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Grindr serves up a mosaic of gay bachelors’ head and body shots.
There are also a raft of appearance-based spin-off sites, such as Facemate, a service that aims to match people who look physically similar and thus, the company’s founder claims, are more likely to have chemistry.
So perhaps you should make that Tinder tagline all about how you volunteer at an animal shelter every weekend.
Swiping through endless Tinder photos in search of the most alluring possible one might not be fruitful, either.
"Online, this might result in males restricting their potential mates.”is two decades old, but new, fast-growing apps such as Tinder have shifted the online-matching emphasis back to looks.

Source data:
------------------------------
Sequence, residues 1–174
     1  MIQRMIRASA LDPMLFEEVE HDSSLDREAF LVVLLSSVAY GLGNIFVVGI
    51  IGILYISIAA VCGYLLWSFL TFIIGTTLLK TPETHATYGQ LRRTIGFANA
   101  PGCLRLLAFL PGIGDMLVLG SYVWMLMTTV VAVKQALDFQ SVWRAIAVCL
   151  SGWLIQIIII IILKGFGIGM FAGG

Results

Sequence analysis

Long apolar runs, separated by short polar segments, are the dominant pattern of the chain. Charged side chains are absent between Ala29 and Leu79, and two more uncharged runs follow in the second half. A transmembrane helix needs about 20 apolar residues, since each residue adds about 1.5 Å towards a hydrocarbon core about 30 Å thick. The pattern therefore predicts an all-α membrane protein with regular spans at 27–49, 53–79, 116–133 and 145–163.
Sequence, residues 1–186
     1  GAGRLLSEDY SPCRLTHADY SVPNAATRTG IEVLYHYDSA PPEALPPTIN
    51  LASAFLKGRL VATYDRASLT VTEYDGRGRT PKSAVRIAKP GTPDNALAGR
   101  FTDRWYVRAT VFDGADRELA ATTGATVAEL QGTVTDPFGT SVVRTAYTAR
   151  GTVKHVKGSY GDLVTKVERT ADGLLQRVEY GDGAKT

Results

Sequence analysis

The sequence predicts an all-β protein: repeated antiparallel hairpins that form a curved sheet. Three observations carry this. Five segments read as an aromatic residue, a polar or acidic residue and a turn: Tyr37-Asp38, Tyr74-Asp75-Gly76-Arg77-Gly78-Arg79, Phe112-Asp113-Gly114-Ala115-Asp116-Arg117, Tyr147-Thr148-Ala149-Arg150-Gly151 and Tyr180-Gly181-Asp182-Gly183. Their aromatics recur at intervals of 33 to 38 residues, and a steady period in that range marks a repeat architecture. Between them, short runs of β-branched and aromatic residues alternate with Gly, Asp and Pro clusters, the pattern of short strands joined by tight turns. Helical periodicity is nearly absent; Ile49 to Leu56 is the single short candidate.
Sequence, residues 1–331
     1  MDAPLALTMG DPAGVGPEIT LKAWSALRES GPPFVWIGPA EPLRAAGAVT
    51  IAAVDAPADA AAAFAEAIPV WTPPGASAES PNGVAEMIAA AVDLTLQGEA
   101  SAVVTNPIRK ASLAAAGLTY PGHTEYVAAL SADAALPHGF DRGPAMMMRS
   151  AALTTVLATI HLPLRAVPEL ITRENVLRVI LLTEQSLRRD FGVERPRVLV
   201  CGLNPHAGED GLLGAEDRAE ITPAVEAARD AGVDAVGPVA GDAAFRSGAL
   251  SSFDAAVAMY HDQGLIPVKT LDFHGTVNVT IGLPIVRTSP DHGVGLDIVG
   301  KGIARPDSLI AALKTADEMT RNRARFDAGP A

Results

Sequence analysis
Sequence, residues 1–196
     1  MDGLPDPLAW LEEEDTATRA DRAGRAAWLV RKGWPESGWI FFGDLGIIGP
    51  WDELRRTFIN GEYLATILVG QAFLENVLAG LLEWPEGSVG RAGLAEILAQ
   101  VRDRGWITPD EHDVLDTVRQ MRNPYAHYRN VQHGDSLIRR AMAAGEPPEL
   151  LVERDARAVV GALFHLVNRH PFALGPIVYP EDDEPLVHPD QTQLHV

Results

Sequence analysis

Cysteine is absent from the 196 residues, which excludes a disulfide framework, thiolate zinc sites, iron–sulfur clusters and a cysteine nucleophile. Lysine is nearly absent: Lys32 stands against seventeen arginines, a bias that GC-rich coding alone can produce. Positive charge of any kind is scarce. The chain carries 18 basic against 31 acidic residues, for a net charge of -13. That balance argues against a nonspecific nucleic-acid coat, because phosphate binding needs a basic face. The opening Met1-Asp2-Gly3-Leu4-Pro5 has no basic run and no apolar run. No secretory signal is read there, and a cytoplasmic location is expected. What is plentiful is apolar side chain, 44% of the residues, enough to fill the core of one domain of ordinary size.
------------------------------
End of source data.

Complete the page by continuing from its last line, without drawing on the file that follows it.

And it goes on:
Then he gives me 200 virtual “date points” that I’m to distribute among the four traits.It seems people might only be able to determine the extremes of a personality from a photo, rather than its nuances.(One study found that the owner of an "honest" face is not any more likely to be trustworthy, for example.)It’s true that attractive people generally are treated more nicely by others, and they might have better-adjusted personalities as a result. In relationships, personality eventually overtakes attractiveness—or at the very least, we tend to find people more attractive when we think they have good personalities.As one columnist who used the service put it, “There’s a short bio, age, and mutual friends listed, but who’s really paying attention to that stuff when your Tinder flame is wearing next to nothing on the beach?”Then there’s Hinge, which uses a similar interface, but is backed by recommendations from the user’s “social graph,” such as their school or career field.